Thursday, February 28, 2013

EU stops Merger of Tencel and Lenzing Lyocell - Part 4 (2001)

This extract continues on from the last post.  There are two distinct monopolies being created: one in the sale of lyocell products (fibres, filaments films etc) and another in the sale of lyocell production technology and plants.

121. The Commission, having considered these arguments, maintains its definition of a separate product market for the production and processing technology for lyocell (including both staple fibres and filament yarn). 

Firstly, it should be noted that, contrary to the parties [CVC/Lenzing] Reply, the definition of a separate market for technology is in line with consistent Commission practice and cannot therefore be regarded as highly unusual.

122. Secondly, the Commission considers the current activity in this area sufficient for it to form a separate market. Indeed, there appears to be a significant degree of 
demand by potential lyocell producers for lyocell production and processing technology; the parties themselves provide a series of examples in their Reply and also point out that Zimmer AG has been marketing its technology for the last two years.  Moreover, a certain number of licences have already been granted by the parties themselves; the circumstances under which these licenses have been granted (wholly exceptional) and the purpose for which they are being used (do not relate to lyocell fibre production) cannot be decisive for the definition of product markets. On the contrary, the very fact that licences were granted under exceptional circumstances which were not related to lyocell fibre production proves, in the Commission's view, that lyocell production and processing technology on the one hand and lyocell fibre production on the other hand are not inextricably linked with each other and deserve to be assessed separately.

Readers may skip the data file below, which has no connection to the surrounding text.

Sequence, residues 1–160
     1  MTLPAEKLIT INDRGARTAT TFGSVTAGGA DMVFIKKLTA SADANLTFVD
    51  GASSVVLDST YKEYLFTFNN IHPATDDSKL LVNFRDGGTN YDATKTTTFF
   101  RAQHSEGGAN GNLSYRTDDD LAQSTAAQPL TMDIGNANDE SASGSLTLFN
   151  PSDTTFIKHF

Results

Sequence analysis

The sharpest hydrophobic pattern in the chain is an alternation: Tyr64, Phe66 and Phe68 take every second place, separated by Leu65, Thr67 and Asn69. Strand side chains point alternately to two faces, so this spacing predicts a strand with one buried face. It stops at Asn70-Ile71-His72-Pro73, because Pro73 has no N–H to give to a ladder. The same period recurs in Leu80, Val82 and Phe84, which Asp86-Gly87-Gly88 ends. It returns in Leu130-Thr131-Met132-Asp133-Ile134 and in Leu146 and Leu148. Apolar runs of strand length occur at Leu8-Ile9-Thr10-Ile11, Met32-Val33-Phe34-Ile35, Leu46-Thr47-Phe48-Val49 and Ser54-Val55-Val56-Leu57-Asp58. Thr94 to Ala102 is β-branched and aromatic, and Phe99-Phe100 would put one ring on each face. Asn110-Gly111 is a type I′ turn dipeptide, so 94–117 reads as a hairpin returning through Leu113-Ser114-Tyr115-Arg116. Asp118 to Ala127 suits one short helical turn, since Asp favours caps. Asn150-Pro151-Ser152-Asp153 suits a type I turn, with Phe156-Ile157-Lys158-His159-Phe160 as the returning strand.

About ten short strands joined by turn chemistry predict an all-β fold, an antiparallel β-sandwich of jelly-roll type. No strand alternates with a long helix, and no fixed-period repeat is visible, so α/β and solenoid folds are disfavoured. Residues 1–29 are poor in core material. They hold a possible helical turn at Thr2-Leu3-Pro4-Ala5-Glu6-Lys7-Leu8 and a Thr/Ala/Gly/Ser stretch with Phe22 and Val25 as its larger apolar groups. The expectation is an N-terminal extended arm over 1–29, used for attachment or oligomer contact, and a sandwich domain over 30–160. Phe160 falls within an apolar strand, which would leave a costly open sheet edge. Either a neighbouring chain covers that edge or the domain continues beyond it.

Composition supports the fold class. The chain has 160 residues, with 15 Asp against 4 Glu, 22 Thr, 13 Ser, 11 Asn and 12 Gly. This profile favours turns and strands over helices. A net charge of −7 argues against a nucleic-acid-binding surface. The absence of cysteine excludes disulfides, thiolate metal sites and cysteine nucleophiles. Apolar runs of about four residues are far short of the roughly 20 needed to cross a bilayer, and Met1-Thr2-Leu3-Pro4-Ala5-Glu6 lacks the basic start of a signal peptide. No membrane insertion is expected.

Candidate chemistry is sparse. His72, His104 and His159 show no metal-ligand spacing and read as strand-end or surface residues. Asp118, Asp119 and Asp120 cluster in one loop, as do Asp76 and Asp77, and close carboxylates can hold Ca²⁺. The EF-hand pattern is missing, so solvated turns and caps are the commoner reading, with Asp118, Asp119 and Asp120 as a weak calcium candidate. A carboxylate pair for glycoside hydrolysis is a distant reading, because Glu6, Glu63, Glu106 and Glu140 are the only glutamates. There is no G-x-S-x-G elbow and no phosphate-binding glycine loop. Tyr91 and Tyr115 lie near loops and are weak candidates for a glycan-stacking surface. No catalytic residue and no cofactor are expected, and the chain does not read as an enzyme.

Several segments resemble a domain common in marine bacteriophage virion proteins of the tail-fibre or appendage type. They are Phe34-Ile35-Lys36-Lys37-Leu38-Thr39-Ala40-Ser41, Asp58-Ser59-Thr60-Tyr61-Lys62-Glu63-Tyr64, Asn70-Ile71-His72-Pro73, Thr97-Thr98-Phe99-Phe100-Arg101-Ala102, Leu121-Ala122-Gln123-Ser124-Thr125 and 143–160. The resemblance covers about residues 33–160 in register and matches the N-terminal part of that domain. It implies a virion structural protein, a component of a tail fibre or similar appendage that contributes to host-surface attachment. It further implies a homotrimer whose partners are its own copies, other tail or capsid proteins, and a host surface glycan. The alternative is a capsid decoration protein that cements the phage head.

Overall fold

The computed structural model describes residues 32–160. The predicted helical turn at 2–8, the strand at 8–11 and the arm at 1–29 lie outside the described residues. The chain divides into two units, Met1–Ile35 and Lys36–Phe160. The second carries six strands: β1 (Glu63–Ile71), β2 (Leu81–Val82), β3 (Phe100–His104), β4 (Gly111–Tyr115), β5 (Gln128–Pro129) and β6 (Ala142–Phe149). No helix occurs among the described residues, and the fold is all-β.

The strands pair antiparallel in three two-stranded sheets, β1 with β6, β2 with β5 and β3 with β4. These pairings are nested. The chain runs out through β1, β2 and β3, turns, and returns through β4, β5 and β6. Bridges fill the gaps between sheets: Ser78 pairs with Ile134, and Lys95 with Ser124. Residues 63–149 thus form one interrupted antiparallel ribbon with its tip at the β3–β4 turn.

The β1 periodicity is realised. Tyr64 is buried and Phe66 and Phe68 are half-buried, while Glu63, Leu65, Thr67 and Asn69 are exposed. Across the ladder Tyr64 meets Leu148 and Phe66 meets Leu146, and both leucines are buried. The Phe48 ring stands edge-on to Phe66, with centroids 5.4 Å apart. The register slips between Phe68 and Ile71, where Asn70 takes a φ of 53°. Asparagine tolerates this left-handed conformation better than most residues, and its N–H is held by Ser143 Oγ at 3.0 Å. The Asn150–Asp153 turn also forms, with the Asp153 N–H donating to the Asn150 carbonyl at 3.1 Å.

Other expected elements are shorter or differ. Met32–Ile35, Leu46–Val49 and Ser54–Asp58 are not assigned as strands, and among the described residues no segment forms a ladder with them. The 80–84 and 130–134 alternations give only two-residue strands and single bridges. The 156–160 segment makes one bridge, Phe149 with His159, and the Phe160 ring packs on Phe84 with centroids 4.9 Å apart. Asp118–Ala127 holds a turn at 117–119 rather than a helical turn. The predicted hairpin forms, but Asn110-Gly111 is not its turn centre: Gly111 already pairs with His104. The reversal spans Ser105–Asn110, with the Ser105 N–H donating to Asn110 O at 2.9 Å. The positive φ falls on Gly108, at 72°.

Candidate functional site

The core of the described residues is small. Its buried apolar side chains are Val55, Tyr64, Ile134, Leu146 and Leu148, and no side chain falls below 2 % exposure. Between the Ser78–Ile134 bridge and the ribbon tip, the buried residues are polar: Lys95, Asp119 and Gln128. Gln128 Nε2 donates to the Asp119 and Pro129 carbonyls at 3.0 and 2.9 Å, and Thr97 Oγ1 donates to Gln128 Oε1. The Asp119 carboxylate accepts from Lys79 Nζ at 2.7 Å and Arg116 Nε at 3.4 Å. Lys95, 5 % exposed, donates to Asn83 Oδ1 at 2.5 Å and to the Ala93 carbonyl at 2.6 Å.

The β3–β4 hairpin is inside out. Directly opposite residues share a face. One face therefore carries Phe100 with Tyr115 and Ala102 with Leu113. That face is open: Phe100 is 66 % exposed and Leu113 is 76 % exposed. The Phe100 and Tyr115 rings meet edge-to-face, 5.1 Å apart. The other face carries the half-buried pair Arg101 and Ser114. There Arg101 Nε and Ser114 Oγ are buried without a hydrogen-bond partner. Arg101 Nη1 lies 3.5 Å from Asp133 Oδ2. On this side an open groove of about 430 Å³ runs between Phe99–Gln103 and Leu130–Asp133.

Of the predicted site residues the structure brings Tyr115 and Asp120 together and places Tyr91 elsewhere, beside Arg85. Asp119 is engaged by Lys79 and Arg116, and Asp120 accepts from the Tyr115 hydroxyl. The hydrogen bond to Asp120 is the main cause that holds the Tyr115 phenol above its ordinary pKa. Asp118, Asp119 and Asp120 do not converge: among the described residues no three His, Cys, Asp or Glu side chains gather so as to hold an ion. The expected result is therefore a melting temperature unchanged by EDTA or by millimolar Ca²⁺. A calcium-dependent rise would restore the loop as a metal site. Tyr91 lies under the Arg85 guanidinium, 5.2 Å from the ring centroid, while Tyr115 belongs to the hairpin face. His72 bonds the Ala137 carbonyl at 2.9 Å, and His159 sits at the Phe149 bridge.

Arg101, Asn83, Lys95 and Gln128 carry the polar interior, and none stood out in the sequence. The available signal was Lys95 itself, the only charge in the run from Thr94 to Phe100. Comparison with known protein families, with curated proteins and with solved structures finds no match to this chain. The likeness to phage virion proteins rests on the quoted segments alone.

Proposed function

123. Thirdly, not all of the companies and institutes which develop lyocell production and processing technology are at the same time active in lyocell production. As has been stated above (see paragraph 119) and confirmed by the parties in their Reply, the German undertaking Zimmer AG is active in the development and sale of lyocell technology but not in lyocell production; so is the research institute Thuringisches Institut for Textil- und Kunststoff-Forschung e.V. (TITK). The fact that different players are active in the lyocell production area and in the field of lyocell production and processing technology strongly militates in favour of the existence of a separate technology market.

124. The Commission therefore concludes that there is a technology market for lyocell production and processing which is distinct from the downstream market for the production and sale of lyocell.

Wednesday, February 27, 2013

EU stops Merger of Tencel and Lenzing Lyocell - Part 3 (2001)

Back to "Technology" for this extract from the EU Mergers report, signed incidentally by the then Commissioner Mario Monti who has just had a rather torrid time in the Italian elections.  

This is an amplification of the view that the Tencel/Lenzing merger would stifle the development of the technology not only for staple but for filament, film and membranes.

The production and processing technology for both lyocell staple fibres and lyocell filament yarn is entirely distinct from any other fibre production and processing technology. Whereas viscose technology (including environmental compatibility) is well established and readily available, the technology for lyocell production is rather young; it has been developed since the 1970s and has seen its first commercial application in the 1990s. It is characterised by the existence of a large number of patents. Whilst some of the initial patents have already expired, this is not the case for others, mostly those related to the production process and to the treatment of lyocell

119. Both Acordis and Lenzing are key players in this market in which some East Asian companies and the German engineering company Zimmer AG are also active, partly in co-operation with research institutions. Whilst some of these undertakings are at the same time involved in lyocell production, others, such as Zimmer AG, are not. Acordis and Lenzing cross licensed their lyocell technology in 1997.  From this cross licensing agreement it becomes clear that Lenzing and Acordis are already active as sub-licensors and sub-licensees on this market and that therefore there is trade in licenses. The same agreement also substantiates that this market not only includes technology for staple fibre production and processing but also for other lyocell products such as extruded films and membranes and filament. As the technology in these other areas is linked with the technology of lyocell staple fibre production and processing through certain patents common to all areas, these areas of lyocell production and processing technology belong to the same product market.